The three of us (Royona, Arabella and I) have been thinking about how our conditioning as academics constructs the way we know things; that knowing something about, for example, white supremacy is filtered by being bound to academia, and how academia expects ideas to be understood, translated and communicated.
Here’s Azeezat Johnson:
One example of these imperial histories can be seen through the distance assumed between the (majority white and middle-class) academic knower and the (majority non-white and working-class) academic known. Through this distance, the academic ‘knower’ is able to position themselves as separate and above the ‘field’ that is being studied. The academic knower ‘becomes the backdrop of nature itself, the omnipotent position of the gaze’. This objectifies those bodies that are positioned as outside the role of The Academic. This is particularly pernicious given the over-representation of white bodies within academia: there has to be a sustained critique of the way such knowledge is created through the neutrality of whiteness.
— Azeezat Johnson 
Such objectification is inevitably going on in this research: I am that academic knower, gazing through the neutrality of whiteness. But the objectification in my case is also complicated by the sense that when it comes to contemporary dance, I associate myself with the field or ‘tribe’ of contemporary dance. It is a collection of people to which I belong. I am on the inside, while at the same time on the outside looking in.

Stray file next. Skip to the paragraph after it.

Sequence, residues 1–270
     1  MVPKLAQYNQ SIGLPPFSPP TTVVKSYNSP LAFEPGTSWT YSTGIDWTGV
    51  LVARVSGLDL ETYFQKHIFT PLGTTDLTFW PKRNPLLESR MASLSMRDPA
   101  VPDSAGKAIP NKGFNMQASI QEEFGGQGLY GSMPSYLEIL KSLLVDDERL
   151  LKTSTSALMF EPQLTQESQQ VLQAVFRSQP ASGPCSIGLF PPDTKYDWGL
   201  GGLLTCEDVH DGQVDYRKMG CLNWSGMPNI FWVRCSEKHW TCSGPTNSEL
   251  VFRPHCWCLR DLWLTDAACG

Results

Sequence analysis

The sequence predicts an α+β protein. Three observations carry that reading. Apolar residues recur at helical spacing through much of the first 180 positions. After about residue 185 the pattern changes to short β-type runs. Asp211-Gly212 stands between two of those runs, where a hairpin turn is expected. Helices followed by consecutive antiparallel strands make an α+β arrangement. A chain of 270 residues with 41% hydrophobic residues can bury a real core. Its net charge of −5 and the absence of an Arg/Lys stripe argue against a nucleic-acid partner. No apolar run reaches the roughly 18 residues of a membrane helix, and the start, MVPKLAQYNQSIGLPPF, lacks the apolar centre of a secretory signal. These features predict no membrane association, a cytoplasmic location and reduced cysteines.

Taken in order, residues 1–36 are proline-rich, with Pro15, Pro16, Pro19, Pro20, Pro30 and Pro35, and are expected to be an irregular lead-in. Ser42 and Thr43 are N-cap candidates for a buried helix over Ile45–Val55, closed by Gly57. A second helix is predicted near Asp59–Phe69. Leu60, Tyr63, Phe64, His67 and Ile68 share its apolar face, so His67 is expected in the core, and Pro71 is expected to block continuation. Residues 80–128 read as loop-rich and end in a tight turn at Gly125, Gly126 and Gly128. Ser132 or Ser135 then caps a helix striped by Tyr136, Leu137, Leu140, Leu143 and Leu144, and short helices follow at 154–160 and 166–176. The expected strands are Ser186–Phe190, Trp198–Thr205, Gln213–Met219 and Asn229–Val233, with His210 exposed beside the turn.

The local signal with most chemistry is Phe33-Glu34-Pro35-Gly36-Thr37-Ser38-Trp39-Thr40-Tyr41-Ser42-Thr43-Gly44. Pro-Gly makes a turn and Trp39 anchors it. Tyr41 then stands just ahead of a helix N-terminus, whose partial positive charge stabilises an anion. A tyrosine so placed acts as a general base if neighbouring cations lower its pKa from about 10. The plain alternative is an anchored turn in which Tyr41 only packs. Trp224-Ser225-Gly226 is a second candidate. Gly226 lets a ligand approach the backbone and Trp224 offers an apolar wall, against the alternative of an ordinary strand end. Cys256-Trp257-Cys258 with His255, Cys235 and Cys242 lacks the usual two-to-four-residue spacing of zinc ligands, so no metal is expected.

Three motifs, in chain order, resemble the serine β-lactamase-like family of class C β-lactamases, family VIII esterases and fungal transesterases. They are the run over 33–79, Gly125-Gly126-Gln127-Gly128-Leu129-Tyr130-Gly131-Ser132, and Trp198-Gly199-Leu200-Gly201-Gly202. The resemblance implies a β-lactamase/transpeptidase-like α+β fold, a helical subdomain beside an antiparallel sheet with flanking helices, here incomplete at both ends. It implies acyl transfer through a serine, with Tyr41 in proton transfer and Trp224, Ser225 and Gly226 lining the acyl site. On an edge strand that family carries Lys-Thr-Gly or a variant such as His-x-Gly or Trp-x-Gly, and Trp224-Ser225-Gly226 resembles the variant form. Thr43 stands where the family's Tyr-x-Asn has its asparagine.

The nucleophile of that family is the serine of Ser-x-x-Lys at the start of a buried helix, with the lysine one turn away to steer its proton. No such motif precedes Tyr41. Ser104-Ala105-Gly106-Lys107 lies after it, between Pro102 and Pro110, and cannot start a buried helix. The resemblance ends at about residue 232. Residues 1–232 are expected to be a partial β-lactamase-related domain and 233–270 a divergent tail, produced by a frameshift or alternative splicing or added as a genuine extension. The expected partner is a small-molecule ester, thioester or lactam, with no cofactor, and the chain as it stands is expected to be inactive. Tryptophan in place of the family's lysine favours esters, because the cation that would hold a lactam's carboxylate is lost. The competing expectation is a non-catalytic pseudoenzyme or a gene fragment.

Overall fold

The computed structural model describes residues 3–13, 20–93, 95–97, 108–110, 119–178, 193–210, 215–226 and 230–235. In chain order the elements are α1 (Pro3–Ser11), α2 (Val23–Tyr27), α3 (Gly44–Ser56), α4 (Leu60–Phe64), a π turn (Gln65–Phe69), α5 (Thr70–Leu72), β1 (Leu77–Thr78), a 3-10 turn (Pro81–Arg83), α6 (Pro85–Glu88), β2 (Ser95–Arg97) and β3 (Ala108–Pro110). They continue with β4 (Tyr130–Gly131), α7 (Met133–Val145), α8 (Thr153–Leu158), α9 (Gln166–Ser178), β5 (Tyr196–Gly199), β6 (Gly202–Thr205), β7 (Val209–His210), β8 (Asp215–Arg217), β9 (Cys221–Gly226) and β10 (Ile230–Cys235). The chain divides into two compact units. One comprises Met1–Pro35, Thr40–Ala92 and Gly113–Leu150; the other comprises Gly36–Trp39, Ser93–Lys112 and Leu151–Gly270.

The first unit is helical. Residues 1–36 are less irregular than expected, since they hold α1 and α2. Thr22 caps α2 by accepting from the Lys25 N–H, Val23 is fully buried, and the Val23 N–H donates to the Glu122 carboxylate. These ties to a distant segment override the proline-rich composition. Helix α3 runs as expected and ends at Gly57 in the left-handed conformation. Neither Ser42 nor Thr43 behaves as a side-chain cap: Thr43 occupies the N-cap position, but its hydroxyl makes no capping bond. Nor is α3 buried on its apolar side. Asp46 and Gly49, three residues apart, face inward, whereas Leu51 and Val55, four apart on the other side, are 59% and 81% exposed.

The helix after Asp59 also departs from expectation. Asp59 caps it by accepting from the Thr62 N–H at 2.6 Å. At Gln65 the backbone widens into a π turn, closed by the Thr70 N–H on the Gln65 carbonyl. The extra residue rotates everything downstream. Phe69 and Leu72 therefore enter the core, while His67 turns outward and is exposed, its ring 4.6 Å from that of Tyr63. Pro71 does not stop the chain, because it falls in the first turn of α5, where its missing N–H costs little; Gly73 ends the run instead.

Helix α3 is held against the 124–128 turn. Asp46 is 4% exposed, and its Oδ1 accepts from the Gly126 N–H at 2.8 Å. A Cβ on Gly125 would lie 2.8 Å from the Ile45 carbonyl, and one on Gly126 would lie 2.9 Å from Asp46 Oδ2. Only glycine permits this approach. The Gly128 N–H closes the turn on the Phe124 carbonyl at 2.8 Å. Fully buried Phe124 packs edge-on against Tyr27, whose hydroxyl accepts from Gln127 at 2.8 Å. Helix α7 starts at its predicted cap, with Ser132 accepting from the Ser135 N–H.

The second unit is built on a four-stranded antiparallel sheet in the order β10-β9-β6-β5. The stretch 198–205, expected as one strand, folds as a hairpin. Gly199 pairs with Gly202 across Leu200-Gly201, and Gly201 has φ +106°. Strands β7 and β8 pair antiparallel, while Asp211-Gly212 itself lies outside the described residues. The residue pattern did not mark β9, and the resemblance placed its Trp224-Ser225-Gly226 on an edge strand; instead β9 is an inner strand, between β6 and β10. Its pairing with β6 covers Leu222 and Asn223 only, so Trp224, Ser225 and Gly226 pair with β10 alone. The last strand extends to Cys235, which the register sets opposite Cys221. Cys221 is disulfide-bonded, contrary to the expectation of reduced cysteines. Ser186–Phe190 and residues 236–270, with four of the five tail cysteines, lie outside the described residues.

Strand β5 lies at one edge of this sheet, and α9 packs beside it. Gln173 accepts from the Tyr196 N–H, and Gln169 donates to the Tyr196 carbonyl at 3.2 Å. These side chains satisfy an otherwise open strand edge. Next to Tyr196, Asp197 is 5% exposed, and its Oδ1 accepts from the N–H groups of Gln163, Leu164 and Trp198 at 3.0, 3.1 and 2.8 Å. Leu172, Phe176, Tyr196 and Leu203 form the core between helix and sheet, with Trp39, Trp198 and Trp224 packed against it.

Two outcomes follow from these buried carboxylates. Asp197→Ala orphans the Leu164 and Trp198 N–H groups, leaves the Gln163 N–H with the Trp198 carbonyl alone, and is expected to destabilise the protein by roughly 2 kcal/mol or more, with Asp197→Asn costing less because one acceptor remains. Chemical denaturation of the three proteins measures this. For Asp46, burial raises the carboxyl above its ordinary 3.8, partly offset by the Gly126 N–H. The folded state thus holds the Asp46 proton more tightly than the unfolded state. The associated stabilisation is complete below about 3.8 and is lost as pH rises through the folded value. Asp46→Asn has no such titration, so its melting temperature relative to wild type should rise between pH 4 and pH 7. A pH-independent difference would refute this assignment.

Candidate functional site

: Johnson, A., 2018. ‘An Academic Witness: White Supremacy Within And Beyond Academia’, in: Johnson, A., Joseph-Salisbury, R., Kamunge, B. (Eds.), The Fire Now: Anti-Racist Scholarship In Times Of Explicit Racial Violence. Zed Books, London, Chapter 2 (no page number).
discussions of race that erase (and perpetuate) racism
the unwitting racism of white liberal environments:
In contemporary society, white and black people alike believe that racism no longer exists. This erasure, however mythic, diffuses the representation of whiteness as terror in the black imagination. It allows for assimilation and forgetfulness. The eagerness with which contemporary society does away with racism, replacing this recognition with evocations of pluralism and diversity that further mask reality, is a response to the terror, but it has also become a way to perpetuate the terror by providing a cover, a hiding place. Black people still feel the terror, still associate it with whiteness, but are rarely able to articulate the varied ways we are terrorized because it is easy to silence by accusations of reverse racism or by suggesting that black folks who talk about the ways we are terrorized by whites are merely evoking victimization to demand special treatment.